Google's New App Gives You One Less Excuse to Skip Midterm Elections

Hate public records? This web app will help you skip right past 'em.

(Photo via Getty)

(Photo via Getty)

Voter turnout is consistently much lower in midterm elections, and it’s not hard to figure out why. Press obsession and controversy always drive people in droves to come out for presidential elections, and there’s always that general feeling that there’s less at stake when you’re just deciding on one or two local politicians — most of us are much less likely to take a day off to cast a ballot for a single senator than for a slew of national representatives.

Get to the Polls is a new tool that robs you of another excuse to skip the midterms by telling you exactly where you need to go to vote. The web tool is simple: You punch in your address and it tells you where you go to vote and who’s going to be on the ballot. It’s much cleaner than Googling “where to vote,” calling hotlines and texting your number to some clunky SMS service for voters.

The project launched this morning, and is a collaboration between the Voting Information Project, which is a union of The Pew Charitable Trusts and Google, and the Internet Association. The Internet Association is a lobbying group for the political interests of the nations most controversial tech giants, including Amazon, Google, Uber, Airbnb and eBay.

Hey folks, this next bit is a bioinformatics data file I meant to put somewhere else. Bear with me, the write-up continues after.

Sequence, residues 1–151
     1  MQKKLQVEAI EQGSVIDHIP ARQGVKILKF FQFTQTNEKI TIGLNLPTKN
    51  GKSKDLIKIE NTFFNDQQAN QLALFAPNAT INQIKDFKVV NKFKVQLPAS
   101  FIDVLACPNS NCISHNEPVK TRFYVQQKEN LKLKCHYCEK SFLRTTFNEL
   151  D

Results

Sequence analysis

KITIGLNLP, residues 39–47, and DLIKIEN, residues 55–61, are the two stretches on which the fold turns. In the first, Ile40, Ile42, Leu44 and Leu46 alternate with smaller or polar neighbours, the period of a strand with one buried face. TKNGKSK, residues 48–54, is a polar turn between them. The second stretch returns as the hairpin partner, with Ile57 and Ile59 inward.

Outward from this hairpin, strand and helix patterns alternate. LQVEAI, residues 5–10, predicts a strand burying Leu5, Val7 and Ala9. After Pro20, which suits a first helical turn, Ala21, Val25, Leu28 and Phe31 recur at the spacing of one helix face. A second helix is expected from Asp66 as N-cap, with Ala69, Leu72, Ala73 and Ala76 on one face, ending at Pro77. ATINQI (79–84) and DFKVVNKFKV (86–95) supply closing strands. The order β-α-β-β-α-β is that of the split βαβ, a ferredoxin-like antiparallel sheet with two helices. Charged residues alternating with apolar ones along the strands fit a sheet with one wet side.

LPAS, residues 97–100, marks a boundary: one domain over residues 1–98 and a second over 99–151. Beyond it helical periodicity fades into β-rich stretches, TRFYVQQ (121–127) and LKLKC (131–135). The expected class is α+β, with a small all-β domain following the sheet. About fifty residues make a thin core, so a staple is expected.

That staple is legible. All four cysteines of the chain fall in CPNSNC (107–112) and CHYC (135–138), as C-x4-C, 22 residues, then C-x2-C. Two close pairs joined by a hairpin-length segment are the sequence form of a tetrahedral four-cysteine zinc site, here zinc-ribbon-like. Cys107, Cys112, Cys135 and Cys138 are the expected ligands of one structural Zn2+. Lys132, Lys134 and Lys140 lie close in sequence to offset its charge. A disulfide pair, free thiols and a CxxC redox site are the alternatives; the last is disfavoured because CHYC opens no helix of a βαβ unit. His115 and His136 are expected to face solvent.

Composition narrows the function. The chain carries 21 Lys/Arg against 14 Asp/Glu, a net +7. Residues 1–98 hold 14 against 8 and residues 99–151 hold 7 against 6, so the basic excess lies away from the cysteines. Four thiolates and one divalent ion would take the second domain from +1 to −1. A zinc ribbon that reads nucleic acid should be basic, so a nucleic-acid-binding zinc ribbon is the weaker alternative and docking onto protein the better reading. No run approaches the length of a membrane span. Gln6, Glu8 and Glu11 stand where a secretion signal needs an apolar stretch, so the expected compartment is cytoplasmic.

A lobbying group may be an odd bedfellow for a charitable project, but the Internet Association insists, of course, that their intentions are simply to build a tool for openness.

“The Internet is an incredible forum for the exchange of information, and it has transformed the way that we engage with everyone from our neighbors to elected officials,” Internet Association spokesman Noah Theran told Betabeat.

While the Internet Association represents the moneyed interests of the country’s biggest tech titans, the app itself is without any partisan slant or branded agenda. Besides a list of sponsors down at the bottom, the page itself is clean of anything other than essential voting information, and the site was designed with the mission of collecting no personally identifiable information.

“There’s nothing partisan about it,” Zachary Markovits, manager of Pew’s election initiatives, told Betabeat. “It’s just making sure people have the information they need.”

Down to the day itself, Mr. Markovits says that the web app will be refreshed with ballot info and polling place updates. Try and use this as an opportunity to Google who your candidates are, even if they’re candidates backed by Google themselves.

Google's New App Gives You One Less Excuse to Skip Midterm Elections